TRIAL: Pioneering heat stress scale to be trialed in Western Sydney
Sydney researchers are developing a heat stress scale similar to a UV index.
With an accompanying app, it is designed to help the public handle the heat and avoid the risk of health problems brought on by heatwaves.
Dr James Smallcombe and Professor Ollie Jay in the climate chamber (source)
Minister for Emergency Services and Resilience and Minister for Flood Recovery Steph Cooke said the app is being developed by researchers at the University of Sydney, in partnership with Resilience NSW, through the $52 million Disaster Risk Reduction Fund.
“Heatwaves are responsible for more deaths in NSW than any other severe weather event, with the impact greatest on children, the elderly, Indigenous communities and people with pre-existing health conditions,” Minister Cooke said.
“The Heat Stress Scale is similar in concept to the UV index and gives users personalised, real-time information on their risk of heat-related health problems based on temperature, humidity, solar radiation and wind speed.
The Technology & the Trial
Professor Ollie Jay, who is leading the world-first project, said the Heat Stress Scale and app are being developed by a team of multidisciplinary researchers from the University of Sydney’s Heat and Health Research Incubator in collaboration with the Sydney Environment Institute.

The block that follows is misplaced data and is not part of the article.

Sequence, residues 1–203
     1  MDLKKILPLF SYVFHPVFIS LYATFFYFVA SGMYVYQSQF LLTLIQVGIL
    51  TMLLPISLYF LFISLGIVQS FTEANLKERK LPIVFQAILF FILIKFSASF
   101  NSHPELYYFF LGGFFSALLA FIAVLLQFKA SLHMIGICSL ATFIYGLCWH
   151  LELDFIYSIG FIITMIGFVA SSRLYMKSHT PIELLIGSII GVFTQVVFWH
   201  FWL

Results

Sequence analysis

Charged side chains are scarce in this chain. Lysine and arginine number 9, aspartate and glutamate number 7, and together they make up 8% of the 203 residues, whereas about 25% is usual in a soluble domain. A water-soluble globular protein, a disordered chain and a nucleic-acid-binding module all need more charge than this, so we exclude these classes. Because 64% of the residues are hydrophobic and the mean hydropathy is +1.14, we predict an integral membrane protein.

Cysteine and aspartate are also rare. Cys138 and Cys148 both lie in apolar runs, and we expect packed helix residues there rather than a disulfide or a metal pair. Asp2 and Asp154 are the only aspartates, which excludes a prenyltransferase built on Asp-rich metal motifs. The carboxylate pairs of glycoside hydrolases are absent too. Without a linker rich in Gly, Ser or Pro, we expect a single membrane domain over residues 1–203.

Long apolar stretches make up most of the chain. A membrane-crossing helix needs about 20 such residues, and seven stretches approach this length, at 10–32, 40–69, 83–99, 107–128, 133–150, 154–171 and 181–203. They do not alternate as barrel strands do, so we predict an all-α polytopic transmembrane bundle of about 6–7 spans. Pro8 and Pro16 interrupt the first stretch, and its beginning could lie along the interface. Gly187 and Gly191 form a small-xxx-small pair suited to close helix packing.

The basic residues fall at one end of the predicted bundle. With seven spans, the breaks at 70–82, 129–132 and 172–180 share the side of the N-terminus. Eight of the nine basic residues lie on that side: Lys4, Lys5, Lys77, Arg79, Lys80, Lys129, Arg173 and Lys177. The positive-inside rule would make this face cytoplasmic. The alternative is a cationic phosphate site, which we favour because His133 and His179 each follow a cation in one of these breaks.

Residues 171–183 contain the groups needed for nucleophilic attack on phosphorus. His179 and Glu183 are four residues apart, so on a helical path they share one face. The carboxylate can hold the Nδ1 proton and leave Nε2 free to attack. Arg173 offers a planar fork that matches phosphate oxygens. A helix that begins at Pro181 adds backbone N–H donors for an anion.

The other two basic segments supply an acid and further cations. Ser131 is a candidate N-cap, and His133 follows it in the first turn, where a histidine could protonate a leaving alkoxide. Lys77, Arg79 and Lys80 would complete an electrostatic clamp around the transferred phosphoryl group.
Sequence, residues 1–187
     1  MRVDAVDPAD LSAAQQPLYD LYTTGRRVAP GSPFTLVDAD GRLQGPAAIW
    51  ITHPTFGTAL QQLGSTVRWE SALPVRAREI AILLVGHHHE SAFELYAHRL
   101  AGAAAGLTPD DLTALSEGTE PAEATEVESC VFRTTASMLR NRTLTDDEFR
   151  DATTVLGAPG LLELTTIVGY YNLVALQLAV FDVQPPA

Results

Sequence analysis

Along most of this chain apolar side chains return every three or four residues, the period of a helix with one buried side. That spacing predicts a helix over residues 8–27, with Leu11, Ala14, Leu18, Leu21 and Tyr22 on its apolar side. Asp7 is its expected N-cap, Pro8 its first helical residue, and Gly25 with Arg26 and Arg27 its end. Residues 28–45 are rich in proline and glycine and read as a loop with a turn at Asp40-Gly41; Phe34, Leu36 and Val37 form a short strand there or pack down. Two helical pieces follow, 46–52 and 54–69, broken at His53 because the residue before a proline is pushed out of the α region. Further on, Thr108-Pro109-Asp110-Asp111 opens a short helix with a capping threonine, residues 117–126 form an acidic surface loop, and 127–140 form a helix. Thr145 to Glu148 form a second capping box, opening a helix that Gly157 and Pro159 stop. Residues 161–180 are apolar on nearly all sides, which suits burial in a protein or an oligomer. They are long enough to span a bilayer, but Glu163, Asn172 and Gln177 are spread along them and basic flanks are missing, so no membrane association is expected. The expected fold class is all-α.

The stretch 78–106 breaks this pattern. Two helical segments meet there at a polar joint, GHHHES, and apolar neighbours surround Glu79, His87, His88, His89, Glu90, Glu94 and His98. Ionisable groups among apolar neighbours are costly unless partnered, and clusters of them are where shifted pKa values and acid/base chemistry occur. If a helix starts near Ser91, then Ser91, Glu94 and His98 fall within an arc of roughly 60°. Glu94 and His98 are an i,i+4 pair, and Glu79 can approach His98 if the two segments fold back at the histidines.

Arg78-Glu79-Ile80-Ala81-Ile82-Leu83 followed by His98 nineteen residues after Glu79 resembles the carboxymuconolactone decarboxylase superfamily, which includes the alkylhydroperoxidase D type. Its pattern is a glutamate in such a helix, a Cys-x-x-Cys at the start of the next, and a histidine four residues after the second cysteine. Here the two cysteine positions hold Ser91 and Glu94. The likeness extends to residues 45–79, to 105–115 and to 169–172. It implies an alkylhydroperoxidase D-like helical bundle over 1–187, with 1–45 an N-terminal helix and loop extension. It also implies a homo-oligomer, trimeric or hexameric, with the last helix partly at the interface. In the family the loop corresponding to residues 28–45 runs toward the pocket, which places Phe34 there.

“This summer Western Sydney residents included in the trial will be able to create a personalised health profile in the app, providing information like age, medical conditions and regular medication… The app can then estimate the risk of a person overheating, becoming dehydrated or other negative health effects brought on by hot conditions, and provide that information in a simple 1 to 5 scale that’s easy to understand. It will also include evidence-based strategies people can easily implement to protect themselves.” said Professor Jay from the Faculty of Medicine and Health and Charles Perkins Centre.
The Heat Stress Scale app will be tested in Western Sydney this summer thanks to a $435,303 grant from the Disaster Risk Reduction Fund, with a potential wider rollout in the following 2023-24 summer season.
Healthabitat agrees with the important relationship between heat stress and the impact on people’s health, particularly children, the elderly and indigenous communities. From the decades of experience working in Indigenous communities though, when heatwaves occur, due to the sub-par nature of housing fabric, lack of maintained mechanical ventilation and energy insecurity, there are very few places to take refuge in. More focus, further to such technology, must be placed on improving the performance of housing and effective community places of refuge.